Fires, race relations — all those things are exterior to what happens to a theater. We are in a society and have to experience the shift of that society. So those things are a normal part of how an organization exists in the world and are not unique to us.
Part of what I’m really focused on are ways to create a sustainable business model so we can be here in the future. Most theaters don’t do rep, because rep is expensive, and we’re learning that our structural deficit issues are related to the way we do business. So we have to look at new ways of enhancing our operations.
None of the issues are insurmountable. I am going to be a black woman tomorrow and the next day and for as long as I live on the earth; people who have issues with that are still going to exist in the world. I’m not here to create a space in which it’s easier for them to accept (me). I’m here to continue to tell the stories of as many different kinds of people as possible, to provide my audience with the broadest experience possible of what the world is like, and to give them an opportunity to see and experience stories that help them grow and become better and more engaged with their own empathy and their ability to change the world. That’s what my mandate is.
Do you have an elevator pitch for this season’s first set of shows?
GARRETT: Yeah, sure. A Midsummer Night’s Dream is an exploration into the magic of love and the love of magic. Peter and the Starcatcher is proposed as a family piece, but really is a play for parents and their children; it’s for the inner children inside of grown folks, about the ways in which you do have to go back and discover how you got here, who you are, and what your imagination is and what you’re capable of. Bring Down the House is about political intrigue, family and legacy; and it’s about these amazing — I wish I had a better way of describing them, but — these bad-ass women capable of taking on this story and really impressing upon us how important it is to settle, and to forgive and to evolve your way of thinking. And then The Copper Children is a giant umbrella that is really focused on the question of what is the impact of the world on children: How can we begin to look at one another through our experiences and find a way to be more empathetic and more open? It’s about history, about the proletariat and what people who are struggling will do in order to survive. It’s looking at a dominant power structure and questioning whether that is something we still want to live in.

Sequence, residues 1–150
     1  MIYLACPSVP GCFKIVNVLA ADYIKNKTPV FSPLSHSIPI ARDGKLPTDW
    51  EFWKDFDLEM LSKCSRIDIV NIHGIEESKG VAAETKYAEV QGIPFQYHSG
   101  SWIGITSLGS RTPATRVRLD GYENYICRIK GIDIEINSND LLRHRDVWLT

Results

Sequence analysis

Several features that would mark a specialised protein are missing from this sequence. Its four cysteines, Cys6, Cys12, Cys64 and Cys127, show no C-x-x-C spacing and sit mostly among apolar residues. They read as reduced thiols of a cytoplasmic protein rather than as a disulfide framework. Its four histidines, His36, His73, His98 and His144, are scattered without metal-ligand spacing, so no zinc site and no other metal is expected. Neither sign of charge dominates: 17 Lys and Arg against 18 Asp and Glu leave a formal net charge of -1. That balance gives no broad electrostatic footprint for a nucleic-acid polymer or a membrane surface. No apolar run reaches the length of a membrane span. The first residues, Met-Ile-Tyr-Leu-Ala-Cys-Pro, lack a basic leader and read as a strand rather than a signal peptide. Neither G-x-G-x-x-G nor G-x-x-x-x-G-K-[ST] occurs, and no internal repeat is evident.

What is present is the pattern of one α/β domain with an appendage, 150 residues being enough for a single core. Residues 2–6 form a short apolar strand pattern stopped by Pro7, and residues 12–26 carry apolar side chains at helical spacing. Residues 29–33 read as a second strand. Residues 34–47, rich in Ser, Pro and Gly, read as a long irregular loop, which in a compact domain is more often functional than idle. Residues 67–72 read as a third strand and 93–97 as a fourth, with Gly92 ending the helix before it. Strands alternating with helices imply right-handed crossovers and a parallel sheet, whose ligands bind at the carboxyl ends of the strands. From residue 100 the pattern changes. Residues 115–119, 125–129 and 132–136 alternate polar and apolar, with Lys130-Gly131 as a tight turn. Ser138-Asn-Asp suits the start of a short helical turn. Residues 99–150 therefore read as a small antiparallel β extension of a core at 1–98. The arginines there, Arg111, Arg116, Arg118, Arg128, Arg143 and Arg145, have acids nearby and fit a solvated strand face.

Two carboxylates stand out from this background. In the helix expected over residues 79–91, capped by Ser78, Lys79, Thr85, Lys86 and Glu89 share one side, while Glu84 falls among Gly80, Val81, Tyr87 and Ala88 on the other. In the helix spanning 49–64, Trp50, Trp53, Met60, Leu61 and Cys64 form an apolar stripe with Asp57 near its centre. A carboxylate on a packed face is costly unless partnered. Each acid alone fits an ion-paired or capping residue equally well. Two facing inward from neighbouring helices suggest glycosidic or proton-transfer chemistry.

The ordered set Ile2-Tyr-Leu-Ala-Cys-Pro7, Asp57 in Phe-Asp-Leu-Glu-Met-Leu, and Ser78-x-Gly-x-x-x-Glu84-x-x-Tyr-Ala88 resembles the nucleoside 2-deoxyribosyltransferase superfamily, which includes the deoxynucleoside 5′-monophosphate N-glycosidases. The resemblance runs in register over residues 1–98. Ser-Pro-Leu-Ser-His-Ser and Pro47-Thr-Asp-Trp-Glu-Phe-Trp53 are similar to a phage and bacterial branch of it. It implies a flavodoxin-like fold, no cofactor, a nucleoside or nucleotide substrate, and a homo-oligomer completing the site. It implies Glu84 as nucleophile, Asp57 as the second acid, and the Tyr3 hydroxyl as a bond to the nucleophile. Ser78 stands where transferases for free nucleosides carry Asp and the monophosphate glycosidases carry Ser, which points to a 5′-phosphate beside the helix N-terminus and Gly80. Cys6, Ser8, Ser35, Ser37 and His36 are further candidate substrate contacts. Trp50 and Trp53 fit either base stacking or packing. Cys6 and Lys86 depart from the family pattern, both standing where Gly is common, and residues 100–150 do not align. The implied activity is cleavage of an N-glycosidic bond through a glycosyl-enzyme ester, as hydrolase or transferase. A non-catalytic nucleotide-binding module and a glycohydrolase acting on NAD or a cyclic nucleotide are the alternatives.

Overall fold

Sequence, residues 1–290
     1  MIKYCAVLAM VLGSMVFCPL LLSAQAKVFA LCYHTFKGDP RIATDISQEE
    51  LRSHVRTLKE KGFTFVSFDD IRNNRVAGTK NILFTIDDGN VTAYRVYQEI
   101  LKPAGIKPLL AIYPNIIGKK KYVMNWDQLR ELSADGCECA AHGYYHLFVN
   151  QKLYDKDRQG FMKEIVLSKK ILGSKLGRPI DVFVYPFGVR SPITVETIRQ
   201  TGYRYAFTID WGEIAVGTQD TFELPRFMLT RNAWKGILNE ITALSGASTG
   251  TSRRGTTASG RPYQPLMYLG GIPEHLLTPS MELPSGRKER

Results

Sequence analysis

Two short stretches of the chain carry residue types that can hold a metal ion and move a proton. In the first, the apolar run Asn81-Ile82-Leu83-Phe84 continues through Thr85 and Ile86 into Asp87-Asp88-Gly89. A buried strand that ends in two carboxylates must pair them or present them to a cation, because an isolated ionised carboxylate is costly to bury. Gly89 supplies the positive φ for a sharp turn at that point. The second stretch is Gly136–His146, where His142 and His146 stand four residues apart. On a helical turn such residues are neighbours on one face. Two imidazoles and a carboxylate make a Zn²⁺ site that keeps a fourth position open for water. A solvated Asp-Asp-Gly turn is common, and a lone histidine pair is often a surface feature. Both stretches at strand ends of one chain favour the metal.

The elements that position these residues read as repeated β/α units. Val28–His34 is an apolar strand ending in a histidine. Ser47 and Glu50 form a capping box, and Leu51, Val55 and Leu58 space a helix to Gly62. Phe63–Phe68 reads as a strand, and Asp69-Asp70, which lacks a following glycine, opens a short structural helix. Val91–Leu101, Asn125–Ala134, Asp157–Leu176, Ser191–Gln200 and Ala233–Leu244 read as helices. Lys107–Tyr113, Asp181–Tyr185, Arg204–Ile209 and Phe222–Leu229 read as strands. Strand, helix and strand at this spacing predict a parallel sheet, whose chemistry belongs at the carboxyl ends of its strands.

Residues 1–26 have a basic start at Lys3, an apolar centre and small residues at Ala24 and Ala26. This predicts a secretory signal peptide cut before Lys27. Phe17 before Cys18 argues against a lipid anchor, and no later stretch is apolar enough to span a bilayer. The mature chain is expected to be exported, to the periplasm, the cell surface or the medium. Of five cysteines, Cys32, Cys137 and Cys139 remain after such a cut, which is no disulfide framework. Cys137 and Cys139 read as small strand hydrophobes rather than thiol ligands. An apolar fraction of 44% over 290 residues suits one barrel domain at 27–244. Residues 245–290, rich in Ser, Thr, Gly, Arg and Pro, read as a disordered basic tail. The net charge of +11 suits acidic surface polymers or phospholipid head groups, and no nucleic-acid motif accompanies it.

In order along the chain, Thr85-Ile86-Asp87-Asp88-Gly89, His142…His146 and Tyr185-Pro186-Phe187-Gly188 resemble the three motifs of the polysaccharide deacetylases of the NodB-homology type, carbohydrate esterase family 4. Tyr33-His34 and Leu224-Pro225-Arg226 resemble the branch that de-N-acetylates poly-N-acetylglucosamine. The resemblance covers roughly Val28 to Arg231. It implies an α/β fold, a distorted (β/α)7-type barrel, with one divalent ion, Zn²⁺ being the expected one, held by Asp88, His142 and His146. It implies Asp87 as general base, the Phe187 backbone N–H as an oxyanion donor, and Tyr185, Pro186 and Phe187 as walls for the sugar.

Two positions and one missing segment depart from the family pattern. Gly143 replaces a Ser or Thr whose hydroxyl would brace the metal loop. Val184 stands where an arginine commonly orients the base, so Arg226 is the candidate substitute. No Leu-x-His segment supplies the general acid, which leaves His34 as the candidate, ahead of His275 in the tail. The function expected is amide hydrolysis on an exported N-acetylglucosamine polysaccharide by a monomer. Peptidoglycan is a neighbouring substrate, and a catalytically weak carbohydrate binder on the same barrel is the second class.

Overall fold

One of the things I’ve always enjoyed discussing about OSF, with Bill Rauch and others, is what I think of as the crosstalk, the thematic conversations that seem to crop up between the plays, especially as the season goes along. This season, you have Bring Down the House and The Tempest both dealing with pendulums of power. You have The Tempest and black odyssey both involving grand efforts toward a return home. Are there other such ways you see the plays enriching each other?
GARRETT: I’m really excited about the mighty giants of Shakespeare’s texts. Everything That Never Happened looks at this play (The Merchant of Venice) that has caused harm and the kinds of upheavals that lead to people’s deaths. I’m excited to see that exploration aligned with Bernhardt/Hamlet where we’re really looking at how you evolve and what that has to look like. Then having that play up against Bring Down the House, where we’re continuing the legacy of what Sarah Bernhardt did in playing Shakespeare’s most important and popular character, witnessing these amazing women take on the power and the might of the three parts of Henry VI. I’m excited about the intersection in the stories of women who come from different backgrounds in Bernhardt/Hamlet, in Confederates, a play that I’m directing, and in Everything That Never Happened.
The entire season really takes a penetrating look into legacy. But not legacy building. It’s about what generations inherit: the generational wrongs, the generational behaviors that we wish that we could mitigate. It takes a powerful look into the consequences of not being conscious of the decisions that you make and that you act upon in front of your children. Almost every play has an element of, “Do you know that when you do that in front of a child, the ripple effects will go on for an entire generation? Because they’re watching you more than they’re listening to you.”